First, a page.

A couple of Sundays ago, my wife and I watched an episode of Cupcake Wars on the Food Network.
The reason we watched that particular episode was a pastry chef from our city was competing on the show: Mamie Jo Doyle of Miss Mamie’s on the Square in downtown Marietta, Georgia.
We used to live within walking distance of the Square and have purchased cupcakes from Miss Mamie’s.
Cupcakes offer an interesting window to creativity through the natural tension between structure and freedom.
It’s a flavored cake in a cup with buttercream icing on top. And we have Amelia Simms and Eliza Leslie to thank.
A cupcake is what it is, right?
Change anything about it and it’s no longer a cupcake. It’s a cake or muffin or mincemeat pie or something else.
So anyone interested in making cupcakes has to work within a fixed structure. It is very similar to poets who work within strict poetic forms: haiku, sonnets and the like.
What most interests me about cupcakes is that, despite its rigid structure, incredible variety exists. There is no lack of creativity among pastry chefs.
Which means the appearance—the defining characteristics of a cupcake—isn’t where the action is.
What distinguishes a cupcake is its taste and texture, not its appearance.
There are lots of writers and bloggers in the world.
Lots of poets.
Lots of photographers.
Lots of painters.
Lots of musicians.
Lots of designers.
Lots of dancers.
Lots of actors.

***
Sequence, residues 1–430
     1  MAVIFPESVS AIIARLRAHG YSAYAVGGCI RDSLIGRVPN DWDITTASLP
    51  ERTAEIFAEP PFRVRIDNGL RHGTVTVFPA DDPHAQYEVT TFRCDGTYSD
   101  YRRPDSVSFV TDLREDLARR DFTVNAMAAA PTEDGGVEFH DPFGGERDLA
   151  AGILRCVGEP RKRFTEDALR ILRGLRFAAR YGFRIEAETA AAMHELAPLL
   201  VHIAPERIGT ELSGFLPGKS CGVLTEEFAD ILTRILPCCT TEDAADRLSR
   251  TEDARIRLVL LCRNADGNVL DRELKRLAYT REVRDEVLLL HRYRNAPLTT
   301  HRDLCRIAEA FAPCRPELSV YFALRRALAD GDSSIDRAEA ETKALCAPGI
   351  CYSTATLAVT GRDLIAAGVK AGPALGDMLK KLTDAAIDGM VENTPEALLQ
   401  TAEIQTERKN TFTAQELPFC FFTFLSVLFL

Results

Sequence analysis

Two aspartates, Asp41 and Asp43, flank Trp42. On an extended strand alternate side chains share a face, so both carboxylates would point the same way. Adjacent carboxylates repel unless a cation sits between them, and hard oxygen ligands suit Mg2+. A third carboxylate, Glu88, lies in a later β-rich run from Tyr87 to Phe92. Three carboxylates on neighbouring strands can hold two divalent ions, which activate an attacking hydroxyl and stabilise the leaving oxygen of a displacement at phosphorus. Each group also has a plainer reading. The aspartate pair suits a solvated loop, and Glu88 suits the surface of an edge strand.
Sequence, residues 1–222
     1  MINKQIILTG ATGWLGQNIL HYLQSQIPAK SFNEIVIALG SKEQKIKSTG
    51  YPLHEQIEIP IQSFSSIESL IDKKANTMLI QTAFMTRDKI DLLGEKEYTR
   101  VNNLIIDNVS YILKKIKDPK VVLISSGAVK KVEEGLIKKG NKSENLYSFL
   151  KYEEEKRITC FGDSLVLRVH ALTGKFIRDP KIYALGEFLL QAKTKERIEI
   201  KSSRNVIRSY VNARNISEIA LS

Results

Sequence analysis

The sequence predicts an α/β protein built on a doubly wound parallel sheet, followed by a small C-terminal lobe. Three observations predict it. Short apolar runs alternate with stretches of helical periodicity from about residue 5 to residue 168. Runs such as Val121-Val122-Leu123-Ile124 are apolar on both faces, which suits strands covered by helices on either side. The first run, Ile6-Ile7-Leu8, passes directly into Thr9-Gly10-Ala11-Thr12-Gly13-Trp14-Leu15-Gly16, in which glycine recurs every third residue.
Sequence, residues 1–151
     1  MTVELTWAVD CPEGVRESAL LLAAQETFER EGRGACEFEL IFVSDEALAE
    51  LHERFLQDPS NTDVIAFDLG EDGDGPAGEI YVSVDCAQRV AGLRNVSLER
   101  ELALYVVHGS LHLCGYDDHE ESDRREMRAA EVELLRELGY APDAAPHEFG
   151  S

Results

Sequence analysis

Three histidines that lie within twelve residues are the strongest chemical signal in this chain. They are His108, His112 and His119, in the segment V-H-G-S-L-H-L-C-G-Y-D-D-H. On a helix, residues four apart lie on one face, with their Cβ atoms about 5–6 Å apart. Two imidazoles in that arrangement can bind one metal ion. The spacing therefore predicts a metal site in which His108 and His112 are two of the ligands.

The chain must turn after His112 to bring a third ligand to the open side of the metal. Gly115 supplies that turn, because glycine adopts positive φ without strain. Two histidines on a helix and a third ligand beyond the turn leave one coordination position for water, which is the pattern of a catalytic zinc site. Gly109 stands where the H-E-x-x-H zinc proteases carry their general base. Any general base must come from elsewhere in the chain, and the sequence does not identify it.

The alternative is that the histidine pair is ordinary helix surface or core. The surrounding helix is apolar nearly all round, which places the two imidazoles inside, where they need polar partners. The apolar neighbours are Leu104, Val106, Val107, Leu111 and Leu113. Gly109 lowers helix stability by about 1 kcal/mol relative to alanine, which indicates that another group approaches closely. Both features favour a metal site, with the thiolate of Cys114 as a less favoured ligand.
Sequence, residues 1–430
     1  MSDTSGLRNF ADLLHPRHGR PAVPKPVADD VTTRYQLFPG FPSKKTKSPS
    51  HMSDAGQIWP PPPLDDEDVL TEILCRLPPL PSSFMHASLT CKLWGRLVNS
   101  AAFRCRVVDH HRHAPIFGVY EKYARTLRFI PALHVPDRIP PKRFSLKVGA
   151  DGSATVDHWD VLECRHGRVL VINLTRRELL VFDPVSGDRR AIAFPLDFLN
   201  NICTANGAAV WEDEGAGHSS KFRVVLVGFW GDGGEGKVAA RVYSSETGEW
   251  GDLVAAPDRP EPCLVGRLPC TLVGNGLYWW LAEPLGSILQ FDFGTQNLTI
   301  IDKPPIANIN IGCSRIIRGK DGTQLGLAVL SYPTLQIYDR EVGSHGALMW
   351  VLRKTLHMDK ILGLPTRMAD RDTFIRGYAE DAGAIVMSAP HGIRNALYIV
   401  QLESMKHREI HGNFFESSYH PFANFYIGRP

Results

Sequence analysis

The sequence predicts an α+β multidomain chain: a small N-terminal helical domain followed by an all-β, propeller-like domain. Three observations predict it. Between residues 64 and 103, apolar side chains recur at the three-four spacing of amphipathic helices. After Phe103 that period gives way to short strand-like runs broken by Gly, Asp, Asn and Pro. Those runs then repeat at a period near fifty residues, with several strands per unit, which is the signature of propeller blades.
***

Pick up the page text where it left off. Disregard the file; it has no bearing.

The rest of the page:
Just like there are lots of pastry chefs.
And most creative works, like most cupcakes, are indistinguishable.
They look the same on the outside. And taste the same on the inside.
I see a lot of Creatives focus the majority of their efforts on dolling up the décor surrounding their creative work: the words, the titles, the angles, the sounds, the frames, the publicity, etc.
And that stuff matters in that it can attract someone to try a little bite.
But it’s the taste and texture that will earn the second and third and fourth bites. What makes a cupcake great is its ability to create harmonies through interesting combinations of disparate tastes and textural elements that stimulate your palate.
The taste and texture come from how you use tension and complexity. How you challenge and surprise those that try your creative work. How you find freedom within structure.
Your creativity is not limited by who you are. Who you are gives you limitless creative possibilities.
Because it's not really about the cake in a cup with icing, is it? It’s about the taste and texture. It’s about the experience, not the appearance.
Instead of feeling frustrated by and stuck in existing structures and rules, you can use them to create tastes and textures unlike anything anyone has ever experienced.
The choices you make for your life are not unlike a pastry chef facing the 216-year-old cupcake. Why not choose to surprise, delight and challenge others?
By the way, Mamie won that Cupcake Wars episode!
And I hope her business is exploding. She deserves it.
You do too.